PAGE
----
Development and Adaptation of a Parent-Mediated Behavioral Intervention for Children with Autism Spectrum Disorder in Rural Bangladesh
Objectives: We aim to describe the process of developing and adapting a sustainable parent-mediated ASD intervention for a community in rural Bangladesh and highlight the challenges and barriers to cultural adaptation and implementation.
Methods: In rural northwestern Bangladesh, researchers from the US and Bangladesh have been conducting research as part of a maternal and child health project called JiVitA aimed at improving pregnancy, birth, and child growth and development outcomes. Recently, a community based ASD study aimed to screen and test for ASD and examine risk factors in the study population. The current work builds on this recently completed study. The intervention was developed based on Pivotal Response Training (PRT) techniques and positive behavior support tools. Study investigators worked with US based PRT experts to familiarize themselves in these techniques and develop strategies and educational materials that could be used in a low resource and low literacy community. Study investigators then spent two months in the JiVitA study area to better understand the community’s culture and needs. While there, investigators trained a JiVitA master’s level child developmental psychologist in this intervention and used his expertise to further culturally adapt the materials. Field implementation is scheduled for winter 2015 and will include two half-day group sessions for parents followed by three individual in-home coaching sessions delivered by the project trained psychologist under the supervision of the study investigators.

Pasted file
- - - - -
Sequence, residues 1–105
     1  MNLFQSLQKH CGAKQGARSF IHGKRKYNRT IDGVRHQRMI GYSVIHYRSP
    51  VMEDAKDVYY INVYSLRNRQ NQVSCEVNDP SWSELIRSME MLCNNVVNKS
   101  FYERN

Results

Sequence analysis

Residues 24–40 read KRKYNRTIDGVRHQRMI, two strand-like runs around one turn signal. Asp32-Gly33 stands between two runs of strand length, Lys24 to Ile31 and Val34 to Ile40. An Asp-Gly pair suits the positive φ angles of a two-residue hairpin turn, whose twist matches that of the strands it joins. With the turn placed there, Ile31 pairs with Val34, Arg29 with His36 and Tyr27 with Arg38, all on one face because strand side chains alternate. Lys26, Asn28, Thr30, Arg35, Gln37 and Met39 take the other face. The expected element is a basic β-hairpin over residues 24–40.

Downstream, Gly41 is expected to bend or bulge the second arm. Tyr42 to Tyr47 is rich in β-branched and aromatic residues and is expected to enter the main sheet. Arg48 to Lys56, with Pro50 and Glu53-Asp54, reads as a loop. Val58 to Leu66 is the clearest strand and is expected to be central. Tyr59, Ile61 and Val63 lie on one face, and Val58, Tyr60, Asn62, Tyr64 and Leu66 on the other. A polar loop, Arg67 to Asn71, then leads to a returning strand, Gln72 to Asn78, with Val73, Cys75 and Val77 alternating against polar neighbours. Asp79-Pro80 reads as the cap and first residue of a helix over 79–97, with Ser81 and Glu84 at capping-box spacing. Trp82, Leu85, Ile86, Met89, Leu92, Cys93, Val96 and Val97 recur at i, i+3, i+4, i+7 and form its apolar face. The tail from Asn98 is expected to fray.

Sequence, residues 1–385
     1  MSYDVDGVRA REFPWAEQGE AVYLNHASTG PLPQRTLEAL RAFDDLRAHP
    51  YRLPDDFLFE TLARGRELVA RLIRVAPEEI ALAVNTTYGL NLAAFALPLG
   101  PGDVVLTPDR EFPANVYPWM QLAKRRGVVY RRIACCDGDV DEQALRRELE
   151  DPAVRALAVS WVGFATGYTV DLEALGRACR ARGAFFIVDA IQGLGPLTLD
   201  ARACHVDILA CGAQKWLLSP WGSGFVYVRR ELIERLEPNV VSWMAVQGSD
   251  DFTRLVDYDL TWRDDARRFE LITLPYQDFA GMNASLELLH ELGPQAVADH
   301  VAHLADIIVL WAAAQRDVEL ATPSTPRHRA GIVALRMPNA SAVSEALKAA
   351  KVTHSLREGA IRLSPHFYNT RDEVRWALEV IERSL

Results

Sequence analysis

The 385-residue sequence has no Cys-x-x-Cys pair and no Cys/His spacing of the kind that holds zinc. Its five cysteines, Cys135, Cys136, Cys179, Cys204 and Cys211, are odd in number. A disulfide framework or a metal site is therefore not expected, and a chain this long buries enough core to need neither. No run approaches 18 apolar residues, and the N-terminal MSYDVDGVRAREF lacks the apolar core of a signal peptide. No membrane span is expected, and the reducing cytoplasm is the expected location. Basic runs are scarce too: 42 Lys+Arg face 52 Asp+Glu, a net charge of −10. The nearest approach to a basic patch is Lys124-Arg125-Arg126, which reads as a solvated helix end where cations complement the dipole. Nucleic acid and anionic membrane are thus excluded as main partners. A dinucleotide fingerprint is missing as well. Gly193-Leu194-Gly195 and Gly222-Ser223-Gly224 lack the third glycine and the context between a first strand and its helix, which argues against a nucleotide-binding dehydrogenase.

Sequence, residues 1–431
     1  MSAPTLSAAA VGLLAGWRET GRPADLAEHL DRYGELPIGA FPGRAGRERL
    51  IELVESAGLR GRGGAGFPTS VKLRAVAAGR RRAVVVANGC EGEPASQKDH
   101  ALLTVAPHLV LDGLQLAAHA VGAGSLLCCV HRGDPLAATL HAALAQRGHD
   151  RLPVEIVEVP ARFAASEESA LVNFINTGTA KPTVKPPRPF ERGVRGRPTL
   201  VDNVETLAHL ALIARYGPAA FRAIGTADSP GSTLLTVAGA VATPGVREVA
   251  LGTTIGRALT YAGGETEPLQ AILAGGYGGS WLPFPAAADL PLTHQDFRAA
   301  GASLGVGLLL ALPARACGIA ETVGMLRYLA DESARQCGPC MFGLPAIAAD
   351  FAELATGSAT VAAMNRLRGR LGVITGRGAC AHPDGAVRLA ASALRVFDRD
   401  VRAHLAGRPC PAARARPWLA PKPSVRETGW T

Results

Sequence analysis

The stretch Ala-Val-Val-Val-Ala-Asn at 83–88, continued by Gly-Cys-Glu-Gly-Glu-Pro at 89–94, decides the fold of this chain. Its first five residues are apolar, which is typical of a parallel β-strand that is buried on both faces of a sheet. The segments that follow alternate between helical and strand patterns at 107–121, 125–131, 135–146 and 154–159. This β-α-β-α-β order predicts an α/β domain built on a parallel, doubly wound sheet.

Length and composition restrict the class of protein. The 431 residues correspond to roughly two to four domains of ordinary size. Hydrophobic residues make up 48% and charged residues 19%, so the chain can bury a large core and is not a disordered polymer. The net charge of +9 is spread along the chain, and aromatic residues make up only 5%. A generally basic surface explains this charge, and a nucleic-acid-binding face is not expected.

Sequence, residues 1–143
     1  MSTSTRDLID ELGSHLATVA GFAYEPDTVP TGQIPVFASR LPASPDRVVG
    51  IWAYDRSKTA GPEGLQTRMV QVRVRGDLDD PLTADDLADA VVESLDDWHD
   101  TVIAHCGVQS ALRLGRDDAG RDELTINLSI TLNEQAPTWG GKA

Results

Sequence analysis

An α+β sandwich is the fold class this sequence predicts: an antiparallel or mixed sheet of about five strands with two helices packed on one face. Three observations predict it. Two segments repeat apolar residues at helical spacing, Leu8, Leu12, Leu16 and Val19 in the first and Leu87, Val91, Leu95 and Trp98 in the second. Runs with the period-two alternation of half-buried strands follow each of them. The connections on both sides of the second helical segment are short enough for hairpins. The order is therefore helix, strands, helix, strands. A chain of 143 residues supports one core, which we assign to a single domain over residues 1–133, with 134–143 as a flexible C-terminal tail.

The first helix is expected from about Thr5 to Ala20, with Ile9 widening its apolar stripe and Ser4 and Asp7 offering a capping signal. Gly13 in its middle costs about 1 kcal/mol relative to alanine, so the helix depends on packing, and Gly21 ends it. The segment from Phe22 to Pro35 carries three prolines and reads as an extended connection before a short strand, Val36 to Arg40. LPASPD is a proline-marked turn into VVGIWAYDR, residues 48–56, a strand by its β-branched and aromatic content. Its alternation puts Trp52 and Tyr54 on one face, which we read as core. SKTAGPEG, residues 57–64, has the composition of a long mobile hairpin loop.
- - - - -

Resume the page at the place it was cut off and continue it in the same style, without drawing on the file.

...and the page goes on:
Results: Through developing and adapting this intervention, we have gained insight into implementing ASD interventions in a rural Bangladeshi setting where community plays a key role in family dynamics with the broader community oftentimes acting as one family unit. Persons with disabilities (and their families) are often stigmatized within the community. Interventions need to be structured to avoid excess attention to the family or provide a lesser version of the intervention to the whole community. Furthermore, the relationship between parent and child is inconsistent across cultures. Any intervention needs to carefully consider the culturally appropriate role of the interventionist when supporting families of children with ASD.
Conclusions: Developing and adapting ASD behavioral interventions in a LMIC requires careful consideration of an area's knowledge about ASD, approach to parenting, acceptance of disability, cultural child behavior norms, and interaction between the family and community. Further results and findings will be discussed.